Fighters for rights

The five prominent persons targeted recently by the Maharashtra police come from various walks of life but have a common thread connecting them: they have been fighting for the rights of the underprivileged and the vulnerable in different parts of the country.

Published : Sep 12, 2018 12:30 IST

 P. Varavara Rao, Telugu litterateur and Marxist ideologue, has been arrested yet again for being a naxalite sympathiser.

P. Varavara Rao, Telugu litterateur and Marxist ideologue, has been arrested yet again for being a naxalite sympathiser.



Poet activist

By Venkitesh Ramakrishnan

“The poet is by no means a lion

But a stream

It is in the nature of a river

Not only to leap from peaks but

Also to flow steadily in plains,

Circumventing the hurdles

Stopping at dams

And if time favours,

Breaking them down and move on

In branches and in canals....”

In a literary career spanning well over six decades, Pendyala Varavara Rao has authored very many poems, but “The Poet is no Lion, but a Stream” is read by his followers as a metaphor for his life. Rao’s credentials as one of the foremost litterateurs of the Telugu language is well established, by dint of both his creative lyricism in poetry and his incisive literary criticism founded on Marxian aesthetics and sociology. His poetry collections, published from 1968 to 2014, as well as his seminal thesis on “Telangana Liberation Struggle and Telugu Novel: A Study into Interconnection between Society and Literature”, stand testimony to this. But another defining parameter of Rao’s life is his open advocacy of and proclaimed affiliation to Marxist and Maoist political philosophy, ideology and organisational practice right from the late 1960s, the period of the Naxalbari rebellion in West Bengal and the emergence of the naxalite movement in different parts of India. It is in the background of these twin streams that this poem is perceived as a sort of self-analysis.

The poem is interpreted as one that seeks to dispel a tendency among his admirers to portray Varavara Rao as a charging revolutionary lion. By emphasising his identity as a poet and equating it to a river, Varavara Rao underscores that while he would indeed leap from peaks with gusto, there are also times and places when he would have to flow slowly and steadily, circumvent hurdles and stop when dams are built to restrain him. But his intent is certainly to break the hurdles and dams when time favours and flow on to the branches and canals, which are, of course, in the grass roots.

Varavara Rao had written these lines while being held as a detainee during the Emergency, in one of his several stints in jail since the early 1970s. He was one of the few detainees who were kept in jail even after the Emergency period—June 25, 1975, to March 21, 1977—was formally over. The argument of the authorities in charge of the jail was that it was too dangerous to let him out. Sections of the leadership of the then newly formed Janata Party, the first ever non-Congress Central government in the country, had to take a special interest and make extra efforts to get him out of prison after the Ministry was sworn in. But such special attention did not ensure the Leftist poet, critic and ideologue relief for long. He was repeatedly arrested in the following decades in several cases, including conspiracy cases which, as sought to be advanced currently by the Pune Police, charged Varavara Rao and his associates in the Maoist movement with attempts to attack security agencies, the administrative machinery and the political leadership in order to overthrow the Indian establishment. Since the mid 1970s, Varavara Rao has undergone five major terms of incarceration and innumerable short-term detainments.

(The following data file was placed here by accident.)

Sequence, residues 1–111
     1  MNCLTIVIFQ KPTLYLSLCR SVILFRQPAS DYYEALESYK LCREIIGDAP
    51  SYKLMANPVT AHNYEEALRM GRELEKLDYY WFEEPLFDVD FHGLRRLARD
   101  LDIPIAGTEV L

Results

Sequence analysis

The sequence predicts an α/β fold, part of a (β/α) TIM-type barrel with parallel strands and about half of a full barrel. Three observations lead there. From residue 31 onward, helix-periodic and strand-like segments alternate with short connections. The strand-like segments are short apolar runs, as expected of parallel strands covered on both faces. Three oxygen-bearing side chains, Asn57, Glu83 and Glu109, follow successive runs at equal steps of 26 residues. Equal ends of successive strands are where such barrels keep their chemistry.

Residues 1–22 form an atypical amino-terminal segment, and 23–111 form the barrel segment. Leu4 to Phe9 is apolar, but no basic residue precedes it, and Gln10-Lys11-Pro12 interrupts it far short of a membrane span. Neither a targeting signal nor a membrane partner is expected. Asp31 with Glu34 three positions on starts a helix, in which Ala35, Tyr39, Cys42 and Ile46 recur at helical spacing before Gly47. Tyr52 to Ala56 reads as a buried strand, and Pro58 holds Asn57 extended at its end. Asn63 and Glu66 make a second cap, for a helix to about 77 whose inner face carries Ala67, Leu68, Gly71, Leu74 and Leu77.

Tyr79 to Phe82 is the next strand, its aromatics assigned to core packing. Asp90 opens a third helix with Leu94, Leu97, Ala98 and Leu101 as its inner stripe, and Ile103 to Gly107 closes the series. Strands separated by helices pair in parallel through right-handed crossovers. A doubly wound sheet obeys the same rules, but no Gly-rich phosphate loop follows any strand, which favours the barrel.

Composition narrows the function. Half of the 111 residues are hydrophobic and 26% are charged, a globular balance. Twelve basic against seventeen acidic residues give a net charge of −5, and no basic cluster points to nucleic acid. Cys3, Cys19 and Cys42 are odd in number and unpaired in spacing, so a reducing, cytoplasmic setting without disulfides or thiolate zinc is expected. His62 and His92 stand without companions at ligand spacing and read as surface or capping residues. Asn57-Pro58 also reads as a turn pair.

Conspiracy cases

The first of the conspiracy cases was filed n 1974 when Varavara Rao, along with 41 others, including fellow writers and literary activists such as Cherabanda Raju, K.V. Ramana Reddy, T. Madhusudana Rao and M.T. Khan, were charged in what was called the Secunderabad Conspiracy Case. Even as the proceedings in this case were going on, he was slapped with another similar case in 1986. This case was known as the Ramnagar Conspiracy Case. Varavara Rao was arrested and jailed in 1973, even before the Secunderabad case was registered in May 1974. Both the cases went through long trial periods lasting over a decade. Varavara Rao was ultimately acquitted in both cases: in the Secunderabad case in 1989 and in the Ramnagar case in 2003. After the first acquittal, Varavara Rao settled in Hyderabad as an academic, teaching and guiding university students. However, persecution, including assaults by the police as well as organised gangs nurtured by his adversaries in the political and social realms, constantly pursued him. At one point, during the trial of the first case in 1985, the attacks became so acute that Varavara Rao voluntarily appealed to get his bail cancelled and went back to jail.

Among the five social activists targeted by the Pune Police, purportedly on account of Maoist links to the December 31, 2017, Elgar Parishad held in Pune, Varavara Rao is the one with the most overt connections with the naxalite movement and the Communist Party of India (Maoist). The CPI (Maoist) came into being through the merger of the Communist Party of India (Marxist-Leninist), the People’s War (People’s War Group) and the Maoist Communist Centre of India (MCCI) in 2004. Intelligence agencies have repeatedly stated on record that Varavara Rao has been seen at Maoist meetings, including clandestine ones, time and again. The records mention “sightings” as recently as June-July 2018. The agencies also argue that the Revolutionary Democratic Front (RDF), of which Varavara Rao is the national president, and the Virasam or Viplava Rachayitala Sangham (Revolutionary Writers Association), are front organisations of the CPI (Maoist). On his part, Varavara Rao has denied these assertions, stating that the RDF is “an all-India organisation that supports all people’s movements in the country” and that Virasam has nothing to do with the banned naxalite organisation as its governing body includes retired justices of the Indian judiciary.